We urgently need to address the gap between wanting to promote intensification of housing to save productive rural land and the legislation that makes co-housing and tiny housing options so difficult.
Co-housing and tiny housing are options that people in Tasman are screaming out for. For people trying to get on the
We need to work with developers looking to make this happen. In the current market any time a developer makes any kind of suggestion that they might be providing this kind of option they are inundated with inquiries and often have more offers than they have potential sections by a factor of two or three. All without any advertising.
Unfortunately, although our political direction is for further intensification of our urban areas, our planning rules and regulations are lagging behind with providing clear and slippery pathways to enable these developments to happen. When these proposals are brought to Council there should not be a constant screen of moving hoops to jump through. If we want intensification, as we say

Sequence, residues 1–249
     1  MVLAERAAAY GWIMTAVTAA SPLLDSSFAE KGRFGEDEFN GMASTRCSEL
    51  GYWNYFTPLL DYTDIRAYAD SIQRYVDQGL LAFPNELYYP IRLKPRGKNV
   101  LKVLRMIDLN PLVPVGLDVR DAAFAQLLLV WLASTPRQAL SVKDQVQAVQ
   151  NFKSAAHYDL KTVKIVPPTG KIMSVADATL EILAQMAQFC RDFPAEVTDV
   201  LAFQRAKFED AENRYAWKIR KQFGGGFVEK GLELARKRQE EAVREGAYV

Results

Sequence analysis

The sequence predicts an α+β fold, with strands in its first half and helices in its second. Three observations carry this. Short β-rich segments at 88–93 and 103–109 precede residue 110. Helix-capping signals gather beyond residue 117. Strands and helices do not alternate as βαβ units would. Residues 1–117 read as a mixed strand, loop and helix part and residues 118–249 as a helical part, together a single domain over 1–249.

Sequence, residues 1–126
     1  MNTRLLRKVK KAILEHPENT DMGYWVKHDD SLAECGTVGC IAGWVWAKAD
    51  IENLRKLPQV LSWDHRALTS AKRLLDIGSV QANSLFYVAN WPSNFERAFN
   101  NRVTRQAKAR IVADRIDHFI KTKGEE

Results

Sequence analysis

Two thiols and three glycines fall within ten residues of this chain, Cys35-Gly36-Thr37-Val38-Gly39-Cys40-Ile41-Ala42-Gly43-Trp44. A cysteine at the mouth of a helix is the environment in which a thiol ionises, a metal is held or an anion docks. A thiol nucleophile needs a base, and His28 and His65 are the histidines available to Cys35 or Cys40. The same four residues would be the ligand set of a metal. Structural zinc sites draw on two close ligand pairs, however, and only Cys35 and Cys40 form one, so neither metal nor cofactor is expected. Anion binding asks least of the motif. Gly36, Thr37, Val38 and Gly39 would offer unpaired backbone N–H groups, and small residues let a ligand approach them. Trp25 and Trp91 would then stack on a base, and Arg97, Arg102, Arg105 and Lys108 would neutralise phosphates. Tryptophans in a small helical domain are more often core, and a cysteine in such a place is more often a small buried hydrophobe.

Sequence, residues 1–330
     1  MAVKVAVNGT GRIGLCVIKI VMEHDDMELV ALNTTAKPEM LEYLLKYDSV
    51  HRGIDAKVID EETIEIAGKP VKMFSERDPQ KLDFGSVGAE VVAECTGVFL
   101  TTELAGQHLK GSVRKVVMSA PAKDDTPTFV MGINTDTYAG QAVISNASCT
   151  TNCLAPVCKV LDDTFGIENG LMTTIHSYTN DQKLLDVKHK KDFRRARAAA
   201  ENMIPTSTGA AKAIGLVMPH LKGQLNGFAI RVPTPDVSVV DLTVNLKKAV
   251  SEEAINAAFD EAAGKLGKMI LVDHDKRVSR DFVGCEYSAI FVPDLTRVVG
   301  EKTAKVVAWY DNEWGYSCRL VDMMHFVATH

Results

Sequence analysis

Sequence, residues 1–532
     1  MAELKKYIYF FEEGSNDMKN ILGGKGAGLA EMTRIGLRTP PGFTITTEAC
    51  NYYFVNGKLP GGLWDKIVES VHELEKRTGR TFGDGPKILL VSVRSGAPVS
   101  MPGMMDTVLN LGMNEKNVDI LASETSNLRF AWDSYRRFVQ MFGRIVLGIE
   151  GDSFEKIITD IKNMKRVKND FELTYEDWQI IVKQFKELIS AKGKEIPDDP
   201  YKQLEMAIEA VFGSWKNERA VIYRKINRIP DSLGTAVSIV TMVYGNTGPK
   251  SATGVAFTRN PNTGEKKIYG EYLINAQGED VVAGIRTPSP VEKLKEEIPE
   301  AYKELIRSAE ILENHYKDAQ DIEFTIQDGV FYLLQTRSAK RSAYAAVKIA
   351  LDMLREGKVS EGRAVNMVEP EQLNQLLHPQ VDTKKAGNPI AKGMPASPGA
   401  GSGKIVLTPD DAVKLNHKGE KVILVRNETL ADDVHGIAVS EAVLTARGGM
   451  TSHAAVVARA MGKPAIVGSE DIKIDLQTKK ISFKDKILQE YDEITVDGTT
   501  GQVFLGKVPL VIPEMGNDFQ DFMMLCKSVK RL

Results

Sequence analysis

Waiting for potential future changes to the Resource Management Act is not helping the many people without legitimate homes today. We need to act, and we need to act today.
The end result of the current mixed messages is that there is a relatively large population living within Tasman who
No plan to sell Tasman pensioner cottages to the highest bidder. However, having worked with groups like Habitat For Humanity I can see the benefit of an arrangement where they step in to run Council-owned housing. They can leverage funding from many different sources to create something a lot bigger than what Tasman District Council is prepared to offer.
If we want to see our social housing stock grow then these community-led groups are in a better position to do it.